Although the swastika is illegal in Germany today, you can still see something suspicious on this old bell that the welders couldn't quite hide completely.



Closer to the stadium than the U-Bahn station is an S-Bahn station. From here, we catch a train back to central Berlin where we can walk through the Tiergarten.



We've been toying around the edges of this giant park for days but on this last day, we decide to walk through until we find a little lake with...of course...a biergarten at it's edge. It's here we'll have one more before signing off from Berlin.

Tomorrow, we'll go to the Hertz office and pick up a car to continue on.

Darryl Musick
Copyright 2016 - All Rights Reserved


Photos by Letty Musick
Copyright 2016 - All Rights Reserved

Sunday, September 23, 2018

THE COCKTAIL HOUR: Stone Ales Taste Off


We're in our lounge chairs, settled in for the evening, watching our shows and relaxing when...what's this?...there's a knock on the door. I go to see what's the matter and look out the window. It's a familiar face so I open the door...it's the beer fairy from Stone Brewing Company here to give us a package.

"I know you and Tim like to taste beers so here are some samples you guys can use on your next tasting," the generous soul, who leaves his package and fades away into the night, says.


Watch the Video!


So there you are...free beer. I might as well make a Cocktail Hour out of it so you can all enjoy along with us. Problem is, I've never really had a fond spot for the products of the Stone Brewing Company of Escondido, California but, Hey!, free beer!

OK, so they're properly chilled and Tim and I go outside to give them a shot.

We've got the Stone IPA, a 6.9% alcohol hoppy straw colored ale.  This one isn't too bad. A little on the hoppy side like most American made IPA's. Would like a little more balance to make it tastier but there you go, an example of the hoppier nature of Stone's products.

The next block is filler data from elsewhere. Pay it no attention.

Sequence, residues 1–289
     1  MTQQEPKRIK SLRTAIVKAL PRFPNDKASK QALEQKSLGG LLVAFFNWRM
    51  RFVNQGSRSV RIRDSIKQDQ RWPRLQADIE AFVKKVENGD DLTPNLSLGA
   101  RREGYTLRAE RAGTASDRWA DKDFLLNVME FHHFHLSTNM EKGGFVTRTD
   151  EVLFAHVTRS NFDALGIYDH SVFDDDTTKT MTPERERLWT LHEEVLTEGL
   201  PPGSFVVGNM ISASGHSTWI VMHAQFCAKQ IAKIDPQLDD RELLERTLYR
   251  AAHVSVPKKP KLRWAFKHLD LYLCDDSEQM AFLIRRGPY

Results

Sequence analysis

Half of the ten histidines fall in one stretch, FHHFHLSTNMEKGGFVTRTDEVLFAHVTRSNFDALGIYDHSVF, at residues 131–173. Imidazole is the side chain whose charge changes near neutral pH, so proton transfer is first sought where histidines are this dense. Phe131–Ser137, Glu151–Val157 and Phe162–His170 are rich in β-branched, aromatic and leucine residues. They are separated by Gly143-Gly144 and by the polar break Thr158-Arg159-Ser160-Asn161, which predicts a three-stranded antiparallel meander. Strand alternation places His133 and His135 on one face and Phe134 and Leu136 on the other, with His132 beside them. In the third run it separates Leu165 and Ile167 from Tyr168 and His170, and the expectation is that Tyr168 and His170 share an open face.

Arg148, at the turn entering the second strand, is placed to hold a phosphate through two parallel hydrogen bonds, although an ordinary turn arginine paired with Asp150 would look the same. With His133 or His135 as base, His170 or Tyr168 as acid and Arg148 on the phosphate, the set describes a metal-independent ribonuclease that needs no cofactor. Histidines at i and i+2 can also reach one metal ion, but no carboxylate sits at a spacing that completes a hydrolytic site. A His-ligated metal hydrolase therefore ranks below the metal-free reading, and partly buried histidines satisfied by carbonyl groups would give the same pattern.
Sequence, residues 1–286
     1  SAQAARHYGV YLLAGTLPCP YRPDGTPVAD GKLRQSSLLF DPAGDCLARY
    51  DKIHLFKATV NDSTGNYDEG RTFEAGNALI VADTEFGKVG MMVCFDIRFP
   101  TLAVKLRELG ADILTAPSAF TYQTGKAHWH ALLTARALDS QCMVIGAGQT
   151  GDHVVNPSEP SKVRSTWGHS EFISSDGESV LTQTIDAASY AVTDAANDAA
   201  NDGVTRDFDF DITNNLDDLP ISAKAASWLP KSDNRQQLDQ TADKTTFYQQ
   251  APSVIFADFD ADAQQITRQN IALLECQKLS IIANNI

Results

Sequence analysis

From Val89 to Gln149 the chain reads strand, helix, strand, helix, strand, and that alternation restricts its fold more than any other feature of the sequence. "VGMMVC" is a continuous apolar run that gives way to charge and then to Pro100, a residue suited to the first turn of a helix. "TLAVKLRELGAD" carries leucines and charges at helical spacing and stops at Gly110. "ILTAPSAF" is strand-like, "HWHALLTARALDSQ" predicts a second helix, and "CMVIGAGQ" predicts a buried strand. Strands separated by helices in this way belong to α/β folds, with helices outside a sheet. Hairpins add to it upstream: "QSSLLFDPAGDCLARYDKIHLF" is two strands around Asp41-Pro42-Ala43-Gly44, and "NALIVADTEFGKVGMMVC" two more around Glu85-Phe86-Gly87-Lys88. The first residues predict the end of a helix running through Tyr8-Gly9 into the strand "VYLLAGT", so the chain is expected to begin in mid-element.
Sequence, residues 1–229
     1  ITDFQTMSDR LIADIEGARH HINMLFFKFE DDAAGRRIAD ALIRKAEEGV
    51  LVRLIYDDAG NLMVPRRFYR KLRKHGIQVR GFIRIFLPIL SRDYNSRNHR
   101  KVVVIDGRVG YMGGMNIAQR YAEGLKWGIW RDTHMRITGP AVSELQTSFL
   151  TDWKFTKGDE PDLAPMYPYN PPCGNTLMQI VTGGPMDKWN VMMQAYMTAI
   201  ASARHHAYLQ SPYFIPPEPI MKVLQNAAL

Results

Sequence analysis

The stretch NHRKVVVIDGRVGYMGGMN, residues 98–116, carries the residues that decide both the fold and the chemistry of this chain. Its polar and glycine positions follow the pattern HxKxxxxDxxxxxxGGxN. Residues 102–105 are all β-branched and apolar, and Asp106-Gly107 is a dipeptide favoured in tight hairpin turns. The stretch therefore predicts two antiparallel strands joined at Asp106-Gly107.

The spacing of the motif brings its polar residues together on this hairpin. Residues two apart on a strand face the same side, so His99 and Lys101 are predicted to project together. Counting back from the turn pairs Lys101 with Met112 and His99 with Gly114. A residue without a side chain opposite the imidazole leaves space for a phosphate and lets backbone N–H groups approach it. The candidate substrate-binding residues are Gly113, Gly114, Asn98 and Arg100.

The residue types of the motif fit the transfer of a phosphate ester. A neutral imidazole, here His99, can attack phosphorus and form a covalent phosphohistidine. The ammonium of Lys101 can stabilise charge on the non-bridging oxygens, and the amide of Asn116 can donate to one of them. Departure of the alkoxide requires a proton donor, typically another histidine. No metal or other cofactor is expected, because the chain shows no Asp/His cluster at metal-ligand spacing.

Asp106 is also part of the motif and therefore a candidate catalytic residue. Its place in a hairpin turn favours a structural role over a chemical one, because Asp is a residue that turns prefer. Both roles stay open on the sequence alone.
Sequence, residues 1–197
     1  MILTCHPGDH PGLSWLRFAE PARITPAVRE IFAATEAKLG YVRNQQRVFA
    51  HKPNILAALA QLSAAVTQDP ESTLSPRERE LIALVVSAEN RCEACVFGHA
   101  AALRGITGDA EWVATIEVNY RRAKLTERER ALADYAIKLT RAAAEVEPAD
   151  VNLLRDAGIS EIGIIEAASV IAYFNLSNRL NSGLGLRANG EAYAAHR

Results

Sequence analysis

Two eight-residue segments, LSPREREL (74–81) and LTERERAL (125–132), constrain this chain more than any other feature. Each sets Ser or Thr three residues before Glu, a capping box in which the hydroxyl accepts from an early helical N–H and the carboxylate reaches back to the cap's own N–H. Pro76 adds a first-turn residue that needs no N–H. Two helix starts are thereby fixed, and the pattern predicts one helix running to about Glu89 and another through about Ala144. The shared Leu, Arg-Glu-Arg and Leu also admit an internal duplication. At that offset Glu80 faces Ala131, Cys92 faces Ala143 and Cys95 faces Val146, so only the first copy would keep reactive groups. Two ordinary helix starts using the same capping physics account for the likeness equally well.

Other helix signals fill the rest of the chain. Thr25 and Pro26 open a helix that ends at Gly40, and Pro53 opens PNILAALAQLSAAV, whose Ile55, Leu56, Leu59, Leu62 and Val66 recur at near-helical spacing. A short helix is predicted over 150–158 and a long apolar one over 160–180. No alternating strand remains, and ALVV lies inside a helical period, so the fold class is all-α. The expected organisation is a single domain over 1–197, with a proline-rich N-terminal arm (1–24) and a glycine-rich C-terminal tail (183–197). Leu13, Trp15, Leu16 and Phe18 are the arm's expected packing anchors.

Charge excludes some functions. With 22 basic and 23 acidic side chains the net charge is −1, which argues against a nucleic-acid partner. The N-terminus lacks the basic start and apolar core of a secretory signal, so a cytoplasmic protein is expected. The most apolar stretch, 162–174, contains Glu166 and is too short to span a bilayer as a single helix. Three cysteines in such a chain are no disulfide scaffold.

Virtuale IPA, 7.2% alcohol. Very hoppy, mediciney, slightly skunky...an almost overwhelming mix of tastes that neither Tim or I really care for.

And the flagship, Arrogant Bastard Ale, 7.2% alcohol and the website says I'm probably not going to like it. Guess what...I do. Tim  does. This is our favorite of the bunch. A bit musty and hoppy but well balanced with a chocolate, syrupy aftertaste. This is the best of this bunch.

Please check out the video, above, for the full tasting and stop by The Musick Channel garage sale to help support our family of blogs and find a treasure for yourself at bargain prices.




Cheers!

Darryl Musick
Copyright 2018 - All Rights Reserved

Friday, September 21, 2018

You, Belong in the Zoo...the Berlin Zoo!



Catch up on this trip...
Part One 
Part Two 
Part Three
Part Four

Part Five

After a few days of Very Important History touring, we're dialing it back a bit. This morning, we've learned about the joys of menemen (Turkish scrambled eggs) at La Fiamma near our hotel. Then, it's off to the nearest U-Bahn station at Bulowstrasse.

It's only three stops to our destination, the Berlin Zoo, just a short walk from the Zoologischer Garten Station on the U2 line. I also notice that the Hertz rental car office is across the street, which will come in handy in a few days.